How else can we expect students to make sense of contexts outside of their lived experience without close guidance? How can we expect them to know what to research and how to research without instructing them in those techniques?
When George Carlin arrives in his phone booth, in the convenience store parking lot, the movie transforms into an elaborate academic research wish fulfillment fantasy. Bill and Ted are given a phone book, and they are told that all they need to do is to dial up history, and they will get all of the information that they need.
And they do so.
With a few quick keypad strokes, they are magically transported to 1879, in New Mexico, at the exact moment that Billy the Kid is entering a saloon.
Afterward, Ancient Greece, at the exact time (of day) and location where Socrates is lecturing.
Fifteenth century England? Of course! Right outside of a castle with beautiful maidens in it, which is either a sign of their excellent research skills or the fact that all fifteenth century castles have beautiful maidens in them.
And so on and so on.
Eventually, they kidnap all of these people and somehow piece together a completely nonsensical live presentation that sort of prefigures the Human Library Project, and they pass history.
Why did they pass history? How did they pass history? What, exactly, did their presentation contribute to the study of history?
Again, no one knows. What is important is that the job is done and that there is time to make music with beautiful women who magically appear.
This, I argue, is exactly how researchers want their work to progress. Direct and effortless with joyous and unexpected detours that ultimately support an excellent research project. All information is put to use, and there is no waste whatsoever, just like Napoleon teaches us.
What topic do I need to know about? Well, a few quick keystrokes, and there it is, right in front of me, instantaneously. What is this castle? Who is inside of it? It does not matter. I asked for a castle, and there it is. This castle is good enough. Thank you, magical Internet wires (which were once phone wires).
Having grown up in the card catalog days—the card catalog is about as much of an artifact as the phone book—I know Bill and Ted’s confusion all too well. I can easily recall desperately flipping through endless reams of similar-looking cards hoping that eventually one of them would say something that would magically transport me to some other part of the library that would have the exact thing that I needed in order to do the thing that my teacher needed me to do for a reason that I did not understand.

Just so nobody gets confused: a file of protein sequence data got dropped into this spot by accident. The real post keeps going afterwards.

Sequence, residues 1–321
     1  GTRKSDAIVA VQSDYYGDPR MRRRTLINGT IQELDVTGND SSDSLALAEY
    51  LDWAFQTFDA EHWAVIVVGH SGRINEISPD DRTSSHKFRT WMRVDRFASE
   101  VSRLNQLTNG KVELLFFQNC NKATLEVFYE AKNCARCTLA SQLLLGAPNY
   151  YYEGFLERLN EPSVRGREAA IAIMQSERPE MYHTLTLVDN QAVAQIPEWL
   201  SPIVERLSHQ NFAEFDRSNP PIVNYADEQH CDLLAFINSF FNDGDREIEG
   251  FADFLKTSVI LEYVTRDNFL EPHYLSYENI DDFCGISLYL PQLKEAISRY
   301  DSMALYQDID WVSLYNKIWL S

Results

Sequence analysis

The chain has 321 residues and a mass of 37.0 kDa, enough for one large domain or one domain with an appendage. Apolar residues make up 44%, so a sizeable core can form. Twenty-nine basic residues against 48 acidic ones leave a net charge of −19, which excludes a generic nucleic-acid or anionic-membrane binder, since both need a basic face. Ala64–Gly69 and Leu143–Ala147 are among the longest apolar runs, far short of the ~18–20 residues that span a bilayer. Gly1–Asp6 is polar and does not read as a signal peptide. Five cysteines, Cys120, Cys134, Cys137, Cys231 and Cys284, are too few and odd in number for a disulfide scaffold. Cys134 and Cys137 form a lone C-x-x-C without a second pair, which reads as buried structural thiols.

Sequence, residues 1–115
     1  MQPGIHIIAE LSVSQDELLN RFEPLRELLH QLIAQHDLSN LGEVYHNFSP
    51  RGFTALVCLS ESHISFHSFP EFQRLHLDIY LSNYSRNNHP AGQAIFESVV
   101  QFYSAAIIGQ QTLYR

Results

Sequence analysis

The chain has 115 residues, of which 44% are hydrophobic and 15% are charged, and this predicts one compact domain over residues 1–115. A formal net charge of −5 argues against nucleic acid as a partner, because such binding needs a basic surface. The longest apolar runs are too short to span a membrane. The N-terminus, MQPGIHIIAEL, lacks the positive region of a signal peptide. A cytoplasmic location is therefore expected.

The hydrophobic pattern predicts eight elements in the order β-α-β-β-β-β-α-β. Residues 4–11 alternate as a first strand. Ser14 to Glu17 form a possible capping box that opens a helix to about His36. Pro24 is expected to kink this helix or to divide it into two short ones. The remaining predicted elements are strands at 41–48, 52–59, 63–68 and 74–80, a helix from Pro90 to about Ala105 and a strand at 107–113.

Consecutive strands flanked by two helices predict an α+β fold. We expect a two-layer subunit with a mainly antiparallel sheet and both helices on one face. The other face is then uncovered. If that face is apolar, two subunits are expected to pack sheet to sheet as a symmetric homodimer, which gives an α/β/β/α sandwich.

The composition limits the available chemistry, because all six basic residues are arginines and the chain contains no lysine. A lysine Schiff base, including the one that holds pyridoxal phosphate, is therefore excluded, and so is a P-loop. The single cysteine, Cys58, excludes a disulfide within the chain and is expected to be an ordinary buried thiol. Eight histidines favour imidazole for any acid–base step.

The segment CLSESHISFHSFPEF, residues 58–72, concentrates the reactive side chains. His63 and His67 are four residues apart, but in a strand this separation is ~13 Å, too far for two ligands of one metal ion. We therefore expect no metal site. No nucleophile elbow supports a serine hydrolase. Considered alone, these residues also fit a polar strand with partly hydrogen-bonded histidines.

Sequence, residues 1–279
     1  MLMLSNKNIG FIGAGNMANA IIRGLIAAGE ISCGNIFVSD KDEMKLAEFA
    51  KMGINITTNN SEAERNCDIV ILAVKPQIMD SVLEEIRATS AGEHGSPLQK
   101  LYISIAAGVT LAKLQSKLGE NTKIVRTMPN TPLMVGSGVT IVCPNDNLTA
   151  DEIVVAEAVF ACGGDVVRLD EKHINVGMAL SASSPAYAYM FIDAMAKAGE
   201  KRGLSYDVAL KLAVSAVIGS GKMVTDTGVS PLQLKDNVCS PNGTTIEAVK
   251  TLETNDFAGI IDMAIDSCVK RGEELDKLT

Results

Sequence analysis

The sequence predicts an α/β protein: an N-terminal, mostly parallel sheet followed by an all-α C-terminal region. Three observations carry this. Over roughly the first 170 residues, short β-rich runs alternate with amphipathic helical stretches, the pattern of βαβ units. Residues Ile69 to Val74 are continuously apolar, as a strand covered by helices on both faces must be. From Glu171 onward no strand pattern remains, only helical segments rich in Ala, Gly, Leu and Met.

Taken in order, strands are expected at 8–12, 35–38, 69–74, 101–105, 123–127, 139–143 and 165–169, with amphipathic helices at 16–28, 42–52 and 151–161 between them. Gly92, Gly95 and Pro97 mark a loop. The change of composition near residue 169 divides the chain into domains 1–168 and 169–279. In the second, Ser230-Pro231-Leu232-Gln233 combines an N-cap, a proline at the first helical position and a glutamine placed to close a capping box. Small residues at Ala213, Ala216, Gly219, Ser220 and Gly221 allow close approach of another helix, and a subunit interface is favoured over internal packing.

The pain was real. Totally. And I still feel this pain today whenever I need to conduct research.
Watching this film now, I also wonder if, in a lot of ways, this is how the Googlefication of research of all kinds has affected our collective understanding of what research and critical thinking actually is. I tend not to be swayed by sweeping statements about generational differences—I suspect that Kids These Days feel the exact same way about research projects as Bill and Ted—but nevertheless, I am curious about how being able “to google” whatever information they might need has slightly distorted a clear sense of the time and deliberation that needs to go into research.
Bill and Ted at least needed to go to the convenience store to get into the phone booth. They didn’t, like, have smartphones, you know.
The generic nature of the history assignment also feels very real to me. Too often, teachers work at the mercy of systems they do not control (or even understand), so they have to give students assignments—potentially ones in which they do not believe themselves—and then they have to find some equitable way to grade them. Bill and Ted’s final presentation was not very good, but it did have a lot of style, which does ultimately count for something in all writing and research. They most definitely should have passed.
Thankfully, for all of us, they did.